Note: This is originally published in the second edition of the artist’s drawing book “Drawing by Mau-Kun Yim” in 2000.
Since the publication of the first edition of my drawing collection in 1993, I have received many inquiries about a new edition. After many years of delay due to various reasons, I am happy to offer this new selection of drawings. I would also like to take this opportunity to share some thoughts with those of you who love Realistic painting and care about the training of drawing.
Blast from the past
Recently I was re-reading “Letters to Beginning Painters,” a book on Realistic painting written by G.M. Khrapkovskiy, the famous art educator from the former Soviet Union. The author mentioned an anecdote in the preface of the book. At the outset of the October Revolution, left-wing government officials decried all classic forms of art as “art for the landlords and the bourgeoisie.” They went to such an extreme as to smear works created by the painters of The Society of the Traveling Exhibitions, noted for their depiction of Russian peasants and village life. The left-wing officials abolished traditional fine art academies and replaced them with craft schools. Fine art teachers and professors were dismissed.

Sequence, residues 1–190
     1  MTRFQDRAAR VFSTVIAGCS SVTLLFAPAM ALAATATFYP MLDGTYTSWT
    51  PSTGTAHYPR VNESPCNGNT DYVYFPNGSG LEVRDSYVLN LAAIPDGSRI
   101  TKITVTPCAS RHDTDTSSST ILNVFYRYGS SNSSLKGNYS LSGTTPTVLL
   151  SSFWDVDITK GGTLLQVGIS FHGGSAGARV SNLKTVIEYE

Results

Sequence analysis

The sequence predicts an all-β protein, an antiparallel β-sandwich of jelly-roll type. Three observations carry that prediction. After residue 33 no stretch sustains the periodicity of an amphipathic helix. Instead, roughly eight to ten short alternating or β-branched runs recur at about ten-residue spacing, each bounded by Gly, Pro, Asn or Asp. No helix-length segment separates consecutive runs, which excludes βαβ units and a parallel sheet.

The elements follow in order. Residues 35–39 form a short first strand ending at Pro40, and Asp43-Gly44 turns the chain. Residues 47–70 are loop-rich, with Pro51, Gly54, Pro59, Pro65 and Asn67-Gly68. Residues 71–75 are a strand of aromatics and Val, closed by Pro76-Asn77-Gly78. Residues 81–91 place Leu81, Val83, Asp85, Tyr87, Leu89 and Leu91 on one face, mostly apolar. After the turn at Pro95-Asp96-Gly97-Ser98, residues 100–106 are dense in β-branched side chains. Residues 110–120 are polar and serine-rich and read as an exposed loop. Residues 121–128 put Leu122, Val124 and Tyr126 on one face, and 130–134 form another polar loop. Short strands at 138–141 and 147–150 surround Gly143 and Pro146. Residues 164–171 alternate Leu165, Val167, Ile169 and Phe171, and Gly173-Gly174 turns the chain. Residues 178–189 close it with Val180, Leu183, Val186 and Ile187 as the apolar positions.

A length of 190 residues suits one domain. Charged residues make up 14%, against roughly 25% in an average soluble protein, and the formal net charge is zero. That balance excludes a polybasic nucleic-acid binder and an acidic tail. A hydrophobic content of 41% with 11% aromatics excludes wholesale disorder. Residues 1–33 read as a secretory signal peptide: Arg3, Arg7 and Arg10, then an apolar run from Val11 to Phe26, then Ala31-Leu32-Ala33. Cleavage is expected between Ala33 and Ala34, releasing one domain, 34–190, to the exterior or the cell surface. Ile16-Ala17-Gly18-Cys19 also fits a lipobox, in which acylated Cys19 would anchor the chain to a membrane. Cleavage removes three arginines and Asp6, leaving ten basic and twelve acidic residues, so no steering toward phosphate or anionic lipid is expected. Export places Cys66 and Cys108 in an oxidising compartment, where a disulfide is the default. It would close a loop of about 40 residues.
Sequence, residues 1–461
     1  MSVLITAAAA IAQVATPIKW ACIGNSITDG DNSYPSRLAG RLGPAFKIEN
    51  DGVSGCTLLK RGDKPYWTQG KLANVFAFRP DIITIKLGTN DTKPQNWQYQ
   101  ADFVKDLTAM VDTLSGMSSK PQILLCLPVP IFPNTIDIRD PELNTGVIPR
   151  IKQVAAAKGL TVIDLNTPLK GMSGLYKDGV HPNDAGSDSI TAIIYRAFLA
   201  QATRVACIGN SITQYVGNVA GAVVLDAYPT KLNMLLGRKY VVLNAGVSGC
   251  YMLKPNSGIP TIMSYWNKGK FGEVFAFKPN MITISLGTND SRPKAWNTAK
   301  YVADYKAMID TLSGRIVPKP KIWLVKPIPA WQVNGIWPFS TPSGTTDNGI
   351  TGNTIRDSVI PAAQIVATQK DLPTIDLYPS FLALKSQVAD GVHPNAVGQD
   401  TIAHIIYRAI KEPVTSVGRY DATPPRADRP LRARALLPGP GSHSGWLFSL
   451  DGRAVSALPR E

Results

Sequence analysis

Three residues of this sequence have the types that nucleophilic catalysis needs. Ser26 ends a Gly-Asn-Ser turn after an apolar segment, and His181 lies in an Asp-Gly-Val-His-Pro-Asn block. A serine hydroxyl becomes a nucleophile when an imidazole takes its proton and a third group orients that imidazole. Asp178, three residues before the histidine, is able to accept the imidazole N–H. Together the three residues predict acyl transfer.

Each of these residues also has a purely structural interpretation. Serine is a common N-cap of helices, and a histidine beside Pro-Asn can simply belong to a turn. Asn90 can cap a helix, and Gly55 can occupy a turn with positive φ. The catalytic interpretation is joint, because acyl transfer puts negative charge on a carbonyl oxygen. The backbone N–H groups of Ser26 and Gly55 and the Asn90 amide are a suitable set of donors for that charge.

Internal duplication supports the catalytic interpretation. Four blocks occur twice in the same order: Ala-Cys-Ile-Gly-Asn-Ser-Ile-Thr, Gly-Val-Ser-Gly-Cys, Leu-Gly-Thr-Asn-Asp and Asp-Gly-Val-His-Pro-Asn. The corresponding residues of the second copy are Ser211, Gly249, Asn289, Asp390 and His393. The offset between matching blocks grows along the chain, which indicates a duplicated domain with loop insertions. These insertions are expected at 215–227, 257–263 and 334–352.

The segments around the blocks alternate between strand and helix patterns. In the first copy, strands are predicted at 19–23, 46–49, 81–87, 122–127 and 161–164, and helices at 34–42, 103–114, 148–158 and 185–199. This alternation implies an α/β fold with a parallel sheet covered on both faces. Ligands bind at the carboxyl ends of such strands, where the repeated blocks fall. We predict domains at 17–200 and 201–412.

Artists who were studying at the craft school were unhappy with the quality of education. They wanted to learn fine art. So they decided to start a private painting school by renting a small studio on the eighth floor of an apartment building in Moscow. The instructor was Kartovsky, a talented student and protégé of Chestshakoff, the master of drawing. Kartovsky preserved and passed down Chestshakoff’s training on drawing. He taught this group of twenty students and built the foundation of their art training. All the young painters who studied with Kartovsky later emerged as accomplished painters and the pillars of many fine art academies.